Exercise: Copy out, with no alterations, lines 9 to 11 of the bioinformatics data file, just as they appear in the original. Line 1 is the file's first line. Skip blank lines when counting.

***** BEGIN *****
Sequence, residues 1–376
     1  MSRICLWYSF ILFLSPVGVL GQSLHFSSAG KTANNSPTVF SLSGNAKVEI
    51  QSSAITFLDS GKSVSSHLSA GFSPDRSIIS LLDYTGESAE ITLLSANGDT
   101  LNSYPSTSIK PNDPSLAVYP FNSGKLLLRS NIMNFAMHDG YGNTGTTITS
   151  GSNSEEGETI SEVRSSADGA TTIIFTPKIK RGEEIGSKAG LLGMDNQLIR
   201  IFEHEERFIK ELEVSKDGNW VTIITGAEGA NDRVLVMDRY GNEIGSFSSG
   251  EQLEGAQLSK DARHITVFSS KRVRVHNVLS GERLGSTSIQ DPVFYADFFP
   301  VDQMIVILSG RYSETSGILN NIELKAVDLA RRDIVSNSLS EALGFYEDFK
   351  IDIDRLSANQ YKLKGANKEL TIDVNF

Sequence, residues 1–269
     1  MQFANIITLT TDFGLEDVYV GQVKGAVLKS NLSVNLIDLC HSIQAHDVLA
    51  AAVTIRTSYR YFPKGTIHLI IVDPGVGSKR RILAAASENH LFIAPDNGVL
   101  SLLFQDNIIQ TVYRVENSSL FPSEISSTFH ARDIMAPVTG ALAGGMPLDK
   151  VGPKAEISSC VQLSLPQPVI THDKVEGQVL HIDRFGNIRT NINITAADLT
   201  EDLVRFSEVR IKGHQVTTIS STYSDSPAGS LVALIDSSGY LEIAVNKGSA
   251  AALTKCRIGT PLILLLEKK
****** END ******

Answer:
   351  IDIDRLSANQ YKLKGANKEL TIDVNF

Sequence, residues 1–269
     1  MQFANIITLT TDFGLEDVYV GQVKGAVLKS NLSVNLIDLC HSIQAHDVLA